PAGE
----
17 Feb Research Institute of Sant Pau begins a study that incorporates virtual reality (VR) as a method of pain and anxiety reduction in gynecological procedures
Research Institute of Sant Pau begins a study that incorporates virtual reality (VR) as a method of pain and anxiety reduction in gynecological procedures
The study is the result of a collaboration agreement between the Research Institute of Sant Pau and Psious, a company specialized in Digital Therapeutics (DTX) and Virtual Reality (VR) applied to mental health.
- The study, with 320 patient participants, will evaluate the use of VR to decrease the patient’s perception of pain and anxiety during outpatient hysteroscopy.
- Hysteroscopy is a very common exploratory process that can lead to a sensation of self-limited but acute and uncomfortable pain in some patients.
- The ultimate goal is to incorporate this technology to reduce the pain and/or anxiety perceived by patients during the examination and evaluate its possible application to other gynecological procedures.
- VR has been used successfully to reduce perceived pain in various procedures such as chronic pain, burns, dental procedures, chronic pruritus, and venous puncture.
Barcelona, February 18, 2020. – The Institut de Recerca de la Hospital de la Santa Creu I Sant Pau – IIB Sant Pau and the digital therapeutics company, Psious, have signed a collaboration agreement in which clinical researchers from the Hospital de Sant Pau will have access to virtual reality equipment in order to carry out clinical trials with their patients. Within this collaborative framework, the duration of the VR clinical trials will last approximately 12 to 24 months, with the number of patients ranging between 200 and 300, depending on the study and covering a range of diverse pathologies.
The collaboration’s initial study is entitled, Efficacy of Virtual Reality as a Strategy of Distraction of Pain and anxiety in Hysteroscopy, led by the team of Dr. Josep Estadella, of the Gynecology and Obstetrics Service of the Hospital de Sant Pau. In the study, pain distraction environments added to traditional analgesia administered during hysteroscopy will be used, a very common exploratory process that can lead to a sensation of self-limited but acute and uncomfortable pain in some patients.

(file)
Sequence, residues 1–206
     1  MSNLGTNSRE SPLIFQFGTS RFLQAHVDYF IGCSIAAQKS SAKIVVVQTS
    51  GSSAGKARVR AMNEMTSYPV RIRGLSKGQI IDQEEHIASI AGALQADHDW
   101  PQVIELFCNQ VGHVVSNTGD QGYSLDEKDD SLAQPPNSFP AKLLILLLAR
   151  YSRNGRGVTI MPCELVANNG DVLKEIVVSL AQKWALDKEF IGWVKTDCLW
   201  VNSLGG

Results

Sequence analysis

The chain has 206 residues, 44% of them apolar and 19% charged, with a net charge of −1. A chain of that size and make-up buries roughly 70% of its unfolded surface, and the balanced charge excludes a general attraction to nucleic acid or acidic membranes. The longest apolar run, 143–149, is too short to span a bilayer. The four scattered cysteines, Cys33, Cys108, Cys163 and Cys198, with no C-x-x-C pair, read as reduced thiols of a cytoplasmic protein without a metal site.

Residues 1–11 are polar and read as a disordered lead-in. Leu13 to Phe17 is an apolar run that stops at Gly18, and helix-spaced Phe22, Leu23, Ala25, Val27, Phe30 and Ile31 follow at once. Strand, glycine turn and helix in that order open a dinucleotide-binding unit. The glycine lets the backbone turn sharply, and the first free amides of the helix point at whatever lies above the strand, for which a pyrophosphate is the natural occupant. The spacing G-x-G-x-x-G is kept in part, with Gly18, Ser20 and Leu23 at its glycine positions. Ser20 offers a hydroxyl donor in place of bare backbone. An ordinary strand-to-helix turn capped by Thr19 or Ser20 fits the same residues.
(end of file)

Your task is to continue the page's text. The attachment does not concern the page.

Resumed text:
In this randomized clinical trial, 320 patients will be included in two groups: A Control group to which hysteroscopy will be practiced according to usual clinical practice and the VR group to which hysteroscopic technique will be applied by adding immersive virtual reality environment visualization, both in pre-test relaxation and during the procedure.
VR has been used successfully to reduce perceived pain in various situations such as chronic pain, burns, dental procedures, chronic pruritus, and venous puncture. The working hypothesis that is intended to be evaluated within this study is that the use of a VR device with a reproduction of relaxing and distracting environments decreases the patient’s perception of pain and anxiety during outpatient hysteroscopy.
Hysteroscopy is a minimally invasive endoscopic technique that allows direct visualization of the uterine cavity and constitutes the “gold-standard” for the diagnosis and treatment of most intrauterine pathology, such as heavy menstrual bleeding, fibroids, endometrial polyps and uterine malformations, among others.
The technological development of the instruments has made it possible to have small-caliber endoscopic systems that allow this technique to be performed in an outpatient setting. Despite the high-resolution rates, a non-negligible percentage of women (5-10%) experience anxiety or pain during outpatient hysteroscopy. This constitutes the first cause of therapeutic failure.
In order to improve the patient’s tolerance and comfort, the usefulness of various pharmacological and non-pharmacological strategies for pain reduction has been evaluated, with diverse results.